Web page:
Take a colleague with whom I shared a room for a number of years.  In the middle of one of her German lessons, a student made for the window and headed for the hills.  Literally.  He went up the hill just outside of the classroom.  Being the master teacher that she is, my colleague went right out the window behind him. It’s difficult to give clear instructions if the student is unable to hear you.

“Bobby!”  she bellowed.  “In 3 seconds, I am going to turn around and start running for the school doors.  If you aren’t back in your seat before I walk back in that classroom door you are a DEAD MAN.”  

Note, if you will, the teaching finesse.  She gave clear instructions (including an expected time limit,) accurately applied her instructions to a new and unexpected situation, while simultaneously making clear her expectations as well as the intended consequences for failure to perform.

Knowing the importance of follow-through, my colleague then turned and ran for the main double doors, booked down the Foreign Language hallway and busted into her room to find Bobby sitting attentively in his seat, having returned in the same manner he left.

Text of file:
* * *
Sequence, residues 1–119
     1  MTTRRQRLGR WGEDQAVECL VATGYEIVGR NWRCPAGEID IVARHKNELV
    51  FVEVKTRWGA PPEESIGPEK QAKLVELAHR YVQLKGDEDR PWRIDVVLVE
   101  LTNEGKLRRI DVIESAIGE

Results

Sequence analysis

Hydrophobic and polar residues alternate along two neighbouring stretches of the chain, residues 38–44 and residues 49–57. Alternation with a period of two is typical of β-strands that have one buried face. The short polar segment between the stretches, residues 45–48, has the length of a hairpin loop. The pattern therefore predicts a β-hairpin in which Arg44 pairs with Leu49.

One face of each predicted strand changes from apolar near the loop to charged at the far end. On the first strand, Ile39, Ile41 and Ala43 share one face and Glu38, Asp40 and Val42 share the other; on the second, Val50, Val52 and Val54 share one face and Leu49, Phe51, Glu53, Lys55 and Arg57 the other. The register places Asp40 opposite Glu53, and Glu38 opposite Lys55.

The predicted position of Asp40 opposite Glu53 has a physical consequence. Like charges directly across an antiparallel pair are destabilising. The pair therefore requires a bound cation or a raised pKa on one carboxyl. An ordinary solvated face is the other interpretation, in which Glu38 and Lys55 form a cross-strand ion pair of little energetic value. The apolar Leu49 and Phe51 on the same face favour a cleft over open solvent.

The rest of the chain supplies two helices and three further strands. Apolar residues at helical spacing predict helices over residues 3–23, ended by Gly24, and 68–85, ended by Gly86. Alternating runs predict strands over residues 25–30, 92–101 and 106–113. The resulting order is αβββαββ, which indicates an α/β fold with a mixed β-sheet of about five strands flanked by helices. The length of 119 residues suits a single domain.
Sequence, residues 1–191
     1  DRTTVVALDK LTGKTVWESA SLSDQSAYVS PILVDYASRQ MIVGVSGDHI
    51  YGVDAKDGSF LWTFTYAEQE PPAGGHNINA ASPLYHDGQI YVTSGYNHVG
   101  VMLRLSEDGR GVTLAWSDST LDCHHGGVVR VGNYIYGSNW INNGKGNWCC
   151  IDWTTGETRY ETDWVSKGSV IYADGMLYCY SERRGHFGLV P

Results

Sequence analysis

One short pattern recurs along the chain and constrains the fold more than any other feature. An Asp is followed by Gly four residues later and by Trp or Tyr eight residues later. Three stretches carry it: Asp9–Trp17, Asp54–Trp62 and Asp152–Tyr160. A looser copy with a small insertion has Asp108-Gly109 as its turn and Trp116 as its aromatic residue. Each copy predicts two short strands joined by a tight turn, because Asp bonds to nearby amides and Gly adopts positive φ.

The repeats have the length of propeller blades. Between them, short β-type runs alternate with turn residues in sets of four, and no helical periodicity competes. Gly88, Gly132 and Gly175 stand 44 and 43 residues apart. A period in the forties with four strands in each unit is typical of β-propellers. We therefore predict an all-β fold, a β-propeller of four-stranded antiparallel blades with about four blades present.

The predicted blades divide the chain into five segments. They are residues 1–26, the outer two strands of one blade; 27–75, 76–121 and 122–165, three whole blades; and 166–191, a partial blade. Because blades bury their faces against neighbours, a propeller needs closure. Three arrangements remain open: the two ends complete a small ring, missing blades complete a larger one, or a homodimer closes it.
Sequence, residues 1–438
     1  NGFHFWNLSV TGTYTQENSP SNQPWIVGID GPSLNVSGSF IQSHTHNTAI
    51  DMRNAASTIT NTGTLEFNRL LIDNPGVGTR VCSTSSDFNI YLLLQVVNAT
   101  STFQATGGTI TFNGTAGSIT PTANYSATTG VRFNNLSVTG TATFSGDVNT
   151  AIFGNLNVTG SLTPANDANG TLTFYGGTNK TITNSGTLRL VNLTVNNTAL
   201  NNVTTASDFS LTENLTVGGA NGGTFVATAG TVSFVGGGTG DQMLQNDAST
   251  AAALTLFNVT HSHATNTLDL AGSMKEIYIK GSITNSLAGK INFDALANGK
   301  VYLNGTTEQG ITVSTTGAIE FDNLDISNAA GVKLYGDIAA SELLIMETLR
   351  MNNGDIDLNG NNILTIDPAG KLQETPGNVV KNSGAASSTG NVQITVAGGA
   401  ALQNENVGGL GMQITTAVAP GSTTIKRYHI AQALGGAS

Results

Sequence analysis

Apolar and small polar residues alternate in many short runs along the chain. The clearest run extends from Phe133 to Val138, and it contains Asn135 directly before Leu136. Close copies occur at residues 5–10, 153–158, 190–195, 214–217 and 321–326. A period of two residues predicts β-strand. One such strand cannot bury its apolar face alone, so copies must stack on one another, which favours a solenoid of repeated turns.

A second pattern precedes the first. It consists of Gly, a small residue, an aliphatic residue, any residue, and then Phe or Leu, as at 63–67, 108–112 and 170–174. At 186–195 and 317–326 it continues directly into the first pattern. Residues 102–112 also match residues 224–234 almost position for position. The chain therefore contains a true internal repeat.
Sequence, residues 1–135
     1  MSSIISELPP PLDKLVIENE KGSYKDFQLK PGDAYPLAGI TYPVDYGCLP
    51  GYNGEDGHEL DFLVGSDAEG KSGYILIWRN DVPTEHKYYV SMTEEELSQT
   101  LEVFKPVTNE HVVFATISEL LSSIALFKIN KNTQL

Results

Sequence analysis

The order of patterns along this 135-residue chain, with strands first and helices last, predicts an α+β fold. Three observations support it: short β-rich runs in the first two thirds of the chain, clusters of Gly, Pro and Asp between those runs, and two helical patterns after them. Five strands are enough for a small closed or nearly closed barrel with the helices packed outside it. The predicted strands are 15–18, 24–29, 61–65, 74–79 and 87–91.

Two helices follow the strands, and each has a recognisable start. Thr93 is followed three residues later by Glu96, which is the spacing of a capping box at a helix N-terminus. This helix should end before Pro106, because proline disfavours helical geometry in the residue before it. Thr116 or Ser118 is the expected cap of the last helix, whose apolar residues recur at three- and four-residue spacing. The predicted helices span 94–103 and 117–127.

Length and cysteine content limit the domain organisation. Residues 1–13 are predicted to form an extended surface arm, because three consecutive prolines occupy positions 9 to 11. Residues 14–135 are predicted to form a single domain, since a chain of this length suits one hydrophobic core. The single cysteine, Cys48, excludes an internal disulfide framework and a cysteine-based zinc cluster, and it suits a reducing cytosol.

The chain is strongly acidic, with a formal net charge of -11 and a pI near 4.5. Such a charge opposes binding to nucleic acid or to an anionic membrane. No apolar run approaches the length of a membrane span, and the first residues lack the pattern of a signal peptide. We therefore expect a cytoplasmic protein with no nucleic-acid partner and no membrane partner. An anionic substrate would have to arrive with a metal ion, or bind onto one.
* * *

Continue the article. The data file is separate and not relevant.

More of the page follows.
Problem solved.

As a note, so far we’ve covered:   the Army.  Ralphing.  Instructions.  Second grade, windows, the African savannah, German class, threatening students’ lives. 

Is that previous blog entry beginning to make a little more sense?

Still, teachers applying for employment must realize that Conducting an Organized and Professional Classroom is only one part of the job.  A successful teaching is much, much more.  Next up:  Developing a Cooperative Partnership with Parents and Students.  

Get excited.

Oh, and as for our new Army buddy – give him some props.  He left a dream job for barfy kids who go AWOL “…because of the Army.  I have spent the past few years trying to teach new soldiers medical laboratory science, and most of them were woefully ill equipped.  I figured I had better go to the source.”

Now, really.  How cool is that?

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One Response to Job Description – The Organized and Professional Classroom

  1. LibraLabRat says:

    To be fair, "high paying" is not really true. I mean, I could make 45-50K a year to start as a transfusion services specialist, but the stress and danger is really high, with very little real reward. When a patient's life gets saved, people always thank the doctor and nurses…never the folks in the lab, the pharmacy, and radiology who did the real work.I have been wanting to teach for the past few years, and my wife being a new teacher has only made that desire stronger. Honestly, I am more nervous now than I was before my first deployment.